Social Impact Housing Investing
Social impact investments have not only become more ‘socially acceptable’ financial investments in recent years, but have become much more accessible with a variety of ways to invest with a ‘triple bottom line’ mindset.
Social Impact Bonds
Social Impact Bonds (SIBs) are an outcomes-based (pay-for-success) model where private investors contribute debt capital to fund projects with social goals. Repayment to investors is contingent upon achieving certain program targets. The repayment will be less if outcomes are not achieved.
Denver has used social impact bonds for affordable housing, tying success payments to one year of housing stability and a decrease — at least 20 percent — in jail-bed days. Read more.
Impact investing funds are premised on the idea that investing in the right companies can help solve social problems while investors make market-rate returns. It is estimated the global impact investing market is over $500 billion, with more than 1,300 impact investors around the world.
See some of the largest social impact funds in the world, listed here.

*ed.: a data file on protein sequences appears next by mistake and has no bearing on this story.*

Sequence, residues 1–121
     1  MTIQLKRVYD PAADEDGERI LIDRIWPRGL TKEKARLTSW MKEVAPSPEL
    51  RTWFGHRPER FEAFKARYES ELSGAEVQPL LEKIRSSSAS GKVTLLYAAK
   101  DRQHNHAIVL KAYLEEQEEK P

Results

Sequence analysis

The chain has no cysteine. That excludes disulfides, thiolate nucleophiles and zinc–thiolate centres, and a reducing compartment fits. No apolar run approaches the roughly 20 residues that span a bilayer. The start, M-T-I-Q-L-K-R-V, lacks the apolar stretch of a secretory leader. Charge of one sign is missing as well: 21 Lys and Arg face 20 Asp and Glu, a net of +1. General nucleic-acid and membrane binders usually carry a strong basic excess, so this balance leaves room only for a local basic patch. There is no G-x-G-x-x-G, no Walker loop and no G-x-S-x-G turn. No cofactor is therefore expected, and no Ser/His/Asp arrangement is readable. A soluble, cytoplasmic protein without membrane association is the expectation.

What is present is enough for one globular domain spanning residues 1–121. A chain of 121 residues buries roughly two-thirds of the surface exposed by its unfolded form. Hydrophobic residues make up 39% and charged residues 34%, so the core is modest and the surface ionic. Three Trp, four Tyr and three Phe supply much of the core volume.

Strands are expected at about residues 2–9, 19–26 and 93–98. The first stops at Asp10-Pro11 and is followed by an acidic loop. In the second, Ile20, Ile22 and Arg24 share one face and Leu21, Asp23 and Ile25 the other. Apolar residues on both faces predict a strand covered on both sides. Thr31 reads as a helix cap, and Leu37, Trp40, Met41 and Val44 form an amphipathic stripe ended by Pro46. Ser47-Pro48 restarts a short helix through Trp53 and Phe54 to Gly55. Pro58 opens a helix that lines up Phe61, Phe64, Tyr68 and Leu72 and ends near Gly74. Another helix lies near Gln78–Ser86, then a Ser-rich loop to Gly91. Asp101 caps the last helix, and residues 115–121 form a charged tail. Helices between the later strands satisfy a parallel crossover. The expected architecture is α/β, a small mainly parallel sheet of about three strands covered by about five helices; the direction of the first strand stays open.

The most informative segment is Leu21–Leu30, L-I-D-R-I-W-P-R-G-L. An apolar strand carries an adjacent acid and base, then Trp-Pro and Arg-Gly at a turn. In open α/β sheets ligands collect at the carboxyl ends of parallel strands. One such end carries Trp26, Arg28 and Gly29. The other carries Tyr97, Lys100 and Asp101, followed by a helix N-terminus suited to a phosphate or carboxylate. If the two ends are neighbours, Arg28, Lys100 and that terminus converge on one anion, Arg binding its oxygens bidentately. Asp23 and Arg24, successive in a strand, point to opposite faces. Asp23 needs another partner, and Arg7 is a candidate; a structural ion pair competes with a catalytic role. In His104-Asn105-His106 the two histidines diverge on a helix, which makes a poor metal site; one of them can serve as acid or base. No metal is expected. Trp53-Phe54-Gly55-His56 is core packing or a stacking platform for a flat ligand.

Private philanthropy can leverage public funds to increase their impact. For example, in Los Angeles, The Home For Good Funders Collaborative – of partnership of more than 30 public and private funders, seeded by a $1 million challenge grant from the Conrad N. Hilton Foundation
to the United Way in 2011 – have committed over $33.5 million in philanthropic investment, which has leveraged over $1 Billion in public resources towards ending homelessness (learn more).
Social Impact Bond Research:
- Denver: https://www.denvergov.org/content/denvergov/en/mayors-office/newsroom/2019/three-years-into-denver-s-innovative-social-impact-bond-program-.html
- Sacramento: https://socialfinance.org/wp-content/uploads/PFS-Persistently-Homeless-Sacramento.pdf
- Los Angeles County (RAND report): https://www.rand.org/blog/rand-review/2018/06/supportive-housing-reduces-homelessness-and-lowers.html